Changes intended to streamline rules across the state
By Megan Plete Postol
New freshwater fishing regulations from the New York State Department of Environmental Conservation (DEC) will take effect April 1.
The changes come after review of public comments on draft proposals submitted earlier this year.
All of the new regulations reflect the input received from New York state anglers. DEC’s efforts to make fishing New York’s waters less complicated is a direct reflection of the perspectives provided from the public comment period, DEC’s Bureau of Fisheries Chief Steve Hursts said.
“We have tried to streamline our regulations,” Hursts said. “We are getting rid of unnecessary regulations. When regulations get too complicated, it is really tough for people to obey them. What we have been trying to do is make fishing easier, simpler, and more fun. The last thing we want to do is dissuade people from using all the great fisheries and resources our state has to offer.”
There are a number of notable changes that apply to waters across the state, including the Adirondacks:
- New statewide regulation for rainbow, brown trout, and splake in lakes and ponds. The season will now be open year-round, with a five-fish daily limit, any size, with a “no more than two longer than 12 inches” harvest rule
- Statewide Atlantic salmon regulations will now allow for a year-round open season
- Ice fishing is permitted on all waters in New York unless specifically prohibited with the exception of Essex, Franklin, Fulton, Hamilton, Herkimer, Lewis, St. Lawrence, Warren, and Washington counties, where previous rules remain
- New specific dates replaced floating dates for statewide season openers to include:
- May 1 – walleye, northern pike, pickerel and tiger muskellunge
- June 1 – muskellunge. Note that for 2022 only, DEC will allow for the fishing of muskellunge beginning the last Saturday in May to accommodate previously planned fishing trips
- June 15 – largemouth and smallmouth bass.
- The statewide sunfish daily harvest limit has been reduced from 50 to 25 fish
- The statewide minimum size limit for crappie has been increased from 9 inches to 10 inches.
The complete listing of changes is available on the DEC website.
These changes are introduced with the goal of reducing the amount of special regulations while still providing the protections necessary to ensure sustainable fisheries, including changing some statewide regulations for certain species and eliminating special regulations that are no longer necessary.
The reduced daily limit of sunfish, a popular fish to catch in waters in every corner of the state, was adopted to protect populations from overharvest. The increased minimum size limit for crappie to 10 inches has the same goal, with the added intention to improve the stability and size structure of populations. Experimental regulations on 11 waters to have also been rolled out to determine if larger sunfish can be produced under a 15-fish-per-day harvest limit and an eight-inch minimum size limit.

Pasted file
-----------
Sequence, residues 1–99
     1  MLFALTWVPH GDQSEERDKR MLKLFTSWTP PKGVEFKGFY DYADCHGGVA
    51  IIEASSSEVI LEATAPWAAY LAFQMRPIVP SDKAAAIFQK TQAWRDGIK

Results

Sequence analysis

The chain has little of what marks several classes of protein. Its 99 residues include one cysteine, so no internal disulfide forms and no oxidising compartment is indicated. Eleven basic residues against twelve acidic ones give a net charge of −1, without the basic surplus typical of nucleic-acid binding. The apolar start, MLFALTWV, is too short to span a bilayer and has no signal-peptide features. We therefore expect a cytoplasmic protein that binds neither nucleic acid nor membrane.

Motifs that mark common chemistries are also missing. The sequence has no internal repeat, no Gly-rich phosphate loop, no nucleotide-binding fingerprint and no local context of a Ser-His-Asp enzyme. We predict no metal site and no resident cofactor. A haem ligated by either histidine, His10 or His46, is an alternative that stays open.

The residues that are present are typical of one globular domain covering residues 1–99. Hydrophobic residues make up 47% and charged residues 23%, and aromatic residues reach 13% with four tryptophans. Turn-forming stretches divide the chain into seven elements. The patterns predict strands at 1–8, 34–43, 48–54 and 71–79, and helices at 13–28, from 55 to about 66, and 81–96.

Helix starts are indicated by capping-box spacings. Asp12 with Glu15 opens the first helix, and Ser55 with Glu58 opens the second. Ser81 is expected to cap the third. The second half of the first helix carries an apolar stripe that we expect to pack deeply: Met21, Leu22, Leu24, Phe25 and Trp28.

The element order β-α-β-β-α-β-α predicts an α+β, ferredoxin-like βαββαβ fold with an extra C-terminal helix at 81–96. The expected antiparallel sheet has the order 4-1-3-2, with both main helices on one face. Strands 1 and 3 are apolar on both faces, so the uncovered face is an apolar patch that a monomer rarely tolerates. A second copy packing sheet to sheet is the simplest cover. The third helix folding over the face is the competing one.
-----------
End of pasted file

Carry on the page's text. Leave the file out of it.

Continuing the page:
Of note is that two of the DEC’s major proposed regulations changes did not make the cut. The first being the statewide expansion of lake trout and Atlantic salmon season to all year, with a daily limit of 3 fish, minimum 21 inches. The second being the statewide ponded brook trout regulation that would enforce a daily limit of 5 fish, any size, with no more than two fish longer than 12 inches from April 1 to Oct. 15. Neither of these proposals were adopted.
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Changes to the freshwater fishing regulations guide
In addition to the law changes, the DEC has reformatted its freshwater fishing regulations guide this year. These changes are meant to reflect the DEC’s intention to make fishing simpler, easier to understand, and more accessible to anglers across the state.
Last year the guide was absent of advertisements and articles. This change was meant to make the guide easier to read. It was also printed in a larger size. These two adjustments continue this year, along with more improvements to facilitate finding regulations.
The new guide can be downloaded via the DEC website. Hard copies of the guide are currently being produced and guides are anticipated to be available at license-issuing agents by the second week of April. Hard copies can also be requested by emailing FWFish@dec.ny.gov.
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